Do you remember the days when you might have to wait at home for a phone call? Or when you might write a letter (by hand!) to a friend who moved across the country or, better yet, check the mailbox each day anticipating their reply?
I know, I might sound like a grandparent harkening back to the good old days of the post-World War era. But actually, I'm only 25 and thinking back to the good old days of the early 90s. (New Kids on the Block and Mario Brothers, anyone?)
Well, for today's generation of kids, those antiquated days of 20 years ago may as well be associated with the horse and carriage, or maybe even the invention of the wheel.
Indeed, we live in the era of instant gratification and while tech-savvy Americans may get that warm, fuzzy feeling each time their phone buzzes with a new text or e-mail, an increasing number of scientific studies are showing that constant access to the internet, phones and text messaging could be detrimental to the brain.
A recent article in The New York Times discussed two university studies that have shown that multitasking between reading emails, surfing the web and checking up on friends' Facebook statuses could have a draining effect on the brain's ability to rest and the capacity to think deeply on a particular subject.
The article cited one study that analyzed people's ability to process information after walking in a natural environment—like a forest or along the ocean—versus an urban environment. It found that participants exposed to an overload of stimuli were less likely to be able to concentrate on taking in new information.
For adults, life behind screens can cause one to have problems focusing on tasks (hold on, let me check my Facebook just one more time...) But for children who may have never lived without technological distractions, the effects of technology could prove to be even more harmful.
In a federal report issued earlier this year, the President's Cancer Panel estimated that from 2000 to 2007 the number of Americans using cell phones increased from 100 million to 255 million people.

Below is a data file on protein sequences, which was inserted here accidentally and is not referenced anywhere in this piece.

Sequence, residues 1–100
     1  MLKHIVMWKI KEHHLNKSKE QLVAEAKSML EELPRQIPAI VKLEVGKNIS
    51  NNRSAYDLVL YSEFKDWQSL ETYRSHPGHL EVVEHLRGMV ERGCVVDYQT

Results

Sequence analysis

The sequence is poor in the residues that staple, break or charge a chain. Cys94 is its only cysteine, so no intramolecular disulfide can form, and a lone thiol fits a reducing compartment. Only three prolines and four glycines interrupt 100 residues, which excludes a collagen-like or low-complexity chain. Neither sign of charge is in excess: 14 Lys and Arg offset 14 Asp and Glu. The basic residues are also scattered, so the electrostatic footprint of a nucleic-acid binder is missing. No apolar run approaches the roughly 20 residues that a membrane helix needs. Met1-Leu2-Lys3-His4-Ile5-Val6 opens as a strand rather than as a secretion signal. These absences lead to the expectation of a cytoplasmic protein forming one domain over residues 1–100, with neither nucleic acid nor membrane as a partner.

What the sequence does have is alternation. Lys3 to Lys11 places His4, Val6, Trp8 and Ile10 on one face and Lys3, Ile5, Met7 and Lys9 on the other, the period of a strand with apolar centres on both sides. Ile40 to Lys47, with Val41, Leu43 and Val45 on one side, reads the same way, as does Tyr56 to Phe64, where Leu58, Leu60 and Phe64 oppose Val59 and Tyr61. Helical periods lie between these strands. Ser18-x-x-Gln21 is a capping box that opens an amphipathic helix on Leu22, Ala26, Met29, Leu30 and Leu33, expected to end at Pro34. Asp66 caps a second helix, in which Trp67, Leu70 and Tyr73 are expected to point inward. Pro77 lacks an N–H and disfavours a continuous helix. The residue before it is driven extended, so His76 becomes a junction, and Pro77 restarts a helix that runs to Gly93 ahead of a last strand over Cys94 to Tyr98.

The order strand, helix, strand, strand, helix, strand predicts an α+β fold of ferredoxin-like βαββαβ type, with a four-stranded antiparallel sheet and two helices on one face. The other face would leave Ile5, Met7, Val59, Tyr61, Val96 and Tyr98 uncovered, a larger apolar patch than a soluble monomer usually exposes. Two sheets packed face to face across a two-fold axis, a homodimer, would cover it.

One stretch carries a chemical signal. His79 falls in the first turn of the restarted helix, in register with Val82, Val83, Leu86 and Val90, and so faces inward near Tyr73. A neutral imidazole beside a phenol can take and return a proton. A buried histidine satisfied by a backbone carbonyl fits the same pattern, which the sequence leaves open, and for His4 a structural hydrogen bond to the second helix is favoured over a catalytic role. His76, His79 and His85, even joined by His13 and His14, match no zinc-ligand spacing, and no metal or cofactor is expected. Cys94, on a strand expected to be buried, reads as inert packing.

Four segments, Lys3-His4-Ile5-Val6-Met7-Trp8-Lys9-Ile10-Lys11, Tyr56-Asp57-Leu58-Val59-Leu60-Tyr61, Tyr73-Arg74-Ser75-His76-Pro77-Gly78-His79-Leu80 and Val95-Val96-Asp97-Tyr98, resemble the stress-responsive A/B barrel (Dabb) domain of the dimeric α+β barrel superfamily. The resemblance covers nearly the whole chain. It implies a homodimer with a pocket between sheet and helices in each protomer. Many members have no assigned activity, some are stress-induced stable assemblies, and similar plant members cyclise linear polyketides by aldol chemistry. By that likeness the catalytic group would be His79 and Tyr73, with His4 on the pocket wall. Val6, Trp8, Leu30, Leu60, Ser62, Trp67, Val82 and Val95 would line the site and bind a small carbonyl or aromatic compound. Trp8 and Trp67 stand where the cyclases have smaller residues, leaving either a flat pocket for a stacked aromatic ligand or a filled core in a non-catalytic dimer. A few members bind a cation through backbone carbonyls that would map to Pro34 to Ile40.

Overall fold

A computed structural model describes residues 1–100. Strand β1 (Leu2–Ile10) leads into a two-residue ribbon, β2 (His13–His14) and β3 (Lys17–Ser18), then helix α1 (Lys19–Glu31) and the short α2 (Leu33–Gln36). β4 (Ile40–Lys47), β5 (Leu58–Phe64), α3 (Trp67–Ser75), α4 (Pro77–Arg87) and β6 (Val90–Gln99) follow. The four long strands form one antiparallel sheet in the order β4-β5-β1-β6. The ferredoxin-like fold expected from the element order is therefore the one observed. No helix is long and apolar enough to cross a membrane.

If those numbers aren't astounding enough, research by wireless industry trade group CTIA, found that 91 percent of Americans owned a cell phone during the second half of 2009.
The most disturbing thing to me about kids growing up in the era of the Internet and cell phones is that there's not much limit on the amount of time they're exposed to instant communication. Of course parents can put a "curfew" on computer time each night, but after they go to bed there's always a chance that their teen will be sitting in a dark room lit by the glow of a screen well into the night.
And when kids aren't on computers, most have access to another type of screen: cell phones. In an article by CBS coorespondent Dr. Jennifer Ashton, she notes that American teens send an average of 3,000 text messages each month!
According to research conducted by CTIA, Americans sent 5 billion text messages each day, or 1.5 trillion text messages during 2009. With all of those text messages, does that leave any time for face-to-face conversations?
The harmful effects of hyper-technology aren't just on the brain. The President's Cancer Panel linked environmental toxins to high cancer rates in Americans, but said that research on the effects of radio frequencies from cell phones on the brain was inconclusive. Erring on the side of caution, the panel advised limiting childrens' cell phone use and radio wave exposure.
I've personally seen teenagers sleeping with cell phone in hand and waking up in the middle of the night to respond to a text message. And I've also seen parents so consumed with their own cell phones that they seem to view their children (not the technology) as distractions.
Reality—you know those strange moments when we can actually reach out and touch a person with whom we're talking—seems to be an increasingly distant notion these days. As much as the Internet helps us to connect with other people, it also has the potential to cause isolation.
So while it may be tempting to answer a 10 p.m. email or update one's Facebook status or Twitter feed, I think it would benefit us all—parents and kids alike—to make a conscious decision to unplug and unwind each day and enjoy the aspects of life that existed well before the age of technology.